Jaww Ji Mango Niayes: Increasing resilience and improving living conditions for mango growers in Senegal
In Senegal, climate change is having a major negative impact on mango production and processing, as well as on the living conditions of farmers who do not have the means to adapt their farming practices and economic activities to changing rainfall and temperatures. In the Niayes area, where 40% of the country's mango production is concentrated, it is estimated that losses caused by climate change can reach 50% of production.
To help farmers adapt to climate risks and improve both their productivity and their living conditions, DID is launching the Jaww Ji Mango Niayes project. This major 3-year initiative will be financed by the Quebec Ministry of the Environment, the Fight Against Climate Change, Wildlife and Parks, as part of the International Climate Cooperation Program (ICCP).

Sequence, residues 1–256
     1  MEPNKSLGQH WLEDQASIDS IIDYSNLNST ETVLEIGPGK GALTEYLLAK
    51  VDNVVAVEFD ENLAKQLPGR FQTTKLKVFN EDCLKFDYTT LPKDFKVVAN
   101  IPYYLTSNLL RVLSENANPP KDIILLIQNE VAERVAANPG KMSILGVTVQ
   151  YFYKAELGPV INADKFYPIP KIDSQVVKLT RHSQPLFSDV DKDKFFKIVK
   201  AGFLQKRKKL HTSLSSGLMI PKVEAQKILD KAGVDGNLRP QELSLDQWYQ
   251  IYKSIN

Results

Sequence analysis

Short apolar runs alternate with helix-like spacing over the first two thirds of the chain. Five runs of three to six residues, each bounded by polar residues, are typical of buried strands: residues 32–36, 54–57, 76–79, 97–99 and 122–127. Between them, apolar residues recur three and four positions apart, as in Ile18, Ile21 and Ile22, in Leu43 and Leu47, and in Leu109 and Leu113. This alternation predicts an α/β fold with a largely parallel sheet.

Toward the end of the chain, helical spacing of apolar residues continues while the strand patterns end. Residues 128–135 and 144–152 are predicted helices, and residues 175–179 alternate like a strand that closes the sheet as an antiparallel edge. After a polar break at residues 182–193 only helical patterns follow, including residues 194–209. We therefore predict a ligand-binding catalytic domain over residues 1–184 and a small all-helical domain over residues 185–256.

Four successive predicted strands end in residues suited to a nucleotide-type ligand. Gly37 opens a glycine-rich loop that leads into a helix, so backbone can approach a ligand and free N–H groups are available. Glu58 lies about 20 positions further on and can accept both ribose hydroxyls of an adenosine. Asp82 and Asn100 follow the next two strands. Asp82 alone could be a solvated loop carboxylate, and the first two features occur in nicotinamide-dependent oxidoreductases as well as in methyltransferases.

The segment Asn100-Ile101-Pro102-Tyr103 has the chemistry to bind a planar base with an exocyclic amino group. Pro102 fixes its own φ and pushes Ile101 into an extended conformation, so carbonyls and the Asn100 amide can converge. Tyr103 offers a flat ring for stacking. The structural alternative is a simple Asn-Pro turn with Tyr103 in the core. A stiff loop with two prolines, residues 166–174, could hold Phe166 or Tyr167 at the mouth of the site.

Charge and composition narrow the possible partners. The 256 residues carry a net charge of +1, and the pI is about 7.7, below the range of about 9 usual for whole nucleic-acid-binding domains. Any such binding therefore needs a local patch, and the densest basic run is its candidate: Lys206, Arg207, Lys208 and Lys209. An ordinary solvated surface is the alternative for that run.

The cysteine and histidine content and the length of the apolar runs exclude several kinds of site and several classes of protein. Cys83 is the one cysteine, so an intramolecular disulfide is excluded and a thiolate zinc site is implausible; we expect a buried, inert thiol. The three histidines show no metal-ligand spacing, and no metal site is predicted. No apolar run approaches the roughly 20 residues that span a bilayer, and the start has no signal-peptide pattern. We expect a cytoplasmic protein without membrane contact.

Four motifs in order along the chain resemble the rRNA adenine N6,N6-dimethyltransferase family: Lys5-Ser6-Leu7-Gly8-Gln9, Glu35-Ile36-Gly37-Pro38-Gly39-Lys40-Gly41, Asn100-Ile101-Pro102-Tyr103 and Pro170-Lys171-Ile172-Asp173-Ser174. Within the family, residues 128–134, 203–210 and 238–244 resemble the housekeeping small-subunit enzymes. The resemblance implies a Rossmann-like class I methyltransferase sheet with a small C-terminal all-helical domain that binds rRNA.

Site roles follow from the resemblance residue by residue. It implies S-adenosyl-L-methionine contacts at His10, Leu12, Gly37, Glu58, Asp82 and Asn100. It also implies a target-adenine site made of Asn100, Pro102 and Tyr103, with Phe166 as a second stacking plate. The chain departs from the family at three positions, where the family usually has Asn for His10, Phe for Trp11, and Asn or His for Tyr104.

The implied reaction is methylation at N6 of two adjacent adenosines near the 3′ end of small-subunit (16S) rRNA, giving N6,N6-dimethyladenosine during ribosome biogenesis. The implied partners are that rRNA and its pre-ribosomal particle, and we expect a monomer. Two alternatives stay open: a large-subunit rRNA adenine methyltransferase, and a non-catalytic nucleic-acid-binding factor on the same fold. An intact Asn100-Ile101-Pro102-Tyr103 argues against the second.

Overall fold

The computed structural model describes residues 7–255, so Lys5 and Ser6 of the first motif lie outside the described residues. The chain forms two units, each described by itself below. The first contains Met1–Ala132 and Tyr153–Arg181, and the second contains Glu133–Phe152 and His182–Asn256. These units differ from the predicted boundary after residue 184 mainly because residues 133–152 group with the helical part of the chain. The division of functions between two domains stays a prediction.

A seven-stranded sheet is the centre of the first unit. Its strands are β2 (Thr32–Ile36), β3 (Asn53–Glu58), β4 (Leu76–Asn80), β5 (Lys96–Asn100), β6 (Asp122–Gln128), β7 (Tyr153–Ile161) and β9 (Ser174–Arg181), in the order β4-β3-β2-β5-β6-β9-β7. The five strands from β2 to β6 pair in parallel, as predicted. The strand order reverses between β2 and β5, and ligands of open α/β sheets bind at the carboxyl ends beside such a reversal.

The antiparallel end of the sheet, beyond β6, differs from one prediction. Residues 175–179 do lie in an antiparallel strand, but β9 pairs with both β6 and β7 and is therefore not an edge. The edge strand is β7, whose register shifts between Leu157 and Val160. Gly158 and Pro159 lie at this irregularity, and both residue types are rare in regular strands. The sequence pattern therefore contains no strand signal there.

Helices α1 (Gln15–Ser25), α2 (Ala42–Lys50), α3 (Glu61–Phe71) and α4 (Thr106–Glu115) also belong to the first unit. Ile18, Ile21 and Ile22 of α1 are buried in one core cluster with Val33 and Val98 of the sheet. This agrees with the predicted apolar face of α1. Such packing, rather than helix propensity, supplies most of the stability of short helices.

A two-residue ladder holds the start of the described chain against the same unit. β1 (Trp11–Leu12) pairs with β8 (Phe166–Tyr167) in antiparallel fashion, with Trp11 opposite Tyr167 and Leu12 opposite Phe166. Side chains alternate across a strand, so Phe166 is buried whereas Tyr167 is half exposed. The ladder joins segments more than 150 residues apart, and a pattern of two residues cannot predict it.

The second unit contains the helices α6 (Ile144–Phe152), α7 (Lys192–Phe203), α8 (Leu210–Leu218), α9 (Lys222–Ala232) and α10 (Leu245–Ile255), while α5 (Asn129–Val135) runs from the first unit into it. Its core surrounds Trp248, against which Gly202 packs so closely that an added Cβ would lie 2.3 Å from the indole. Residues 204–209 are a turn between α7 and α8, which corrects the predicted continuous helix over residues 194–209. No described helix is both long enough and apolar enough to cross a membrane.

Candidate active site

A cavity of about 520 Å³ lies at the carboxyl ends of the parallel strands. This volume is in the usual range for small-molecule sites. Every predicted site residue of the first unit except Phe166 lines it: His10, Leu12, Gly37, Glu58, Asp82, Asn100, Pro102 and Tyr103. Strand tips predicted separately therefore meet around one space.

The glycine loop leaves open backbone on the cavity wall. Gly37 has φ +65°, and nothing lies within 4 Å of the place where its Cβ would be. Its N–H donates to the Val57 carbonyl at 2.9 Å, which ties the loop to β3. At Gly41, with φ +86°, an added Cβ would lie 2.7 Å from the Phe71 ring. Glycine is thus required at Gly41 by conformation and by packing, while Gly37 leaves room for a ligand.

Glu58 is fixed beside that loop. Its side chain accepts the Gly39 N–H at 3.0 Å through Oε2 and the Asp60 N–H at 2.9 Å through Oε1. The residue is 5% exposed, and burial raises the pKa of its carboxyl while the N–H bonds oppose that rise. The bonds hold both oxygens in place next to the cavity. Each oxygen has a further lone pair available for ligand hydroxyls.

Jaww Ji Mango Niayes proposes an approach based on research, needs analysis and the adoption of agroecological and agroforestry practices aimed at the sustainable development of the mango value chain. The project also targets the adoption of better agroecological processing and marketing practices, coupled with improved access to finance, so as to strengthen the entire value chain and ultimately increase the socio-economic resilience of producers.
To implement this integrated, low-carbon, gender-sensitive and financially viable approach, we will be working in collaboration with Laval University and a number of local actors, including:
- the Union of Mutual Savings and Credit Mobilization Partnership Associations in Senegal (UM-PAMECAS);
- the Association of Niayes Market Growers' Unions (AUMN);
- the Senegalese Institute of Agricultural Research (ISRA);
- Health and Sustainable Development Training and Research Unit of the Alioune DIOP University in Bambey (UADB).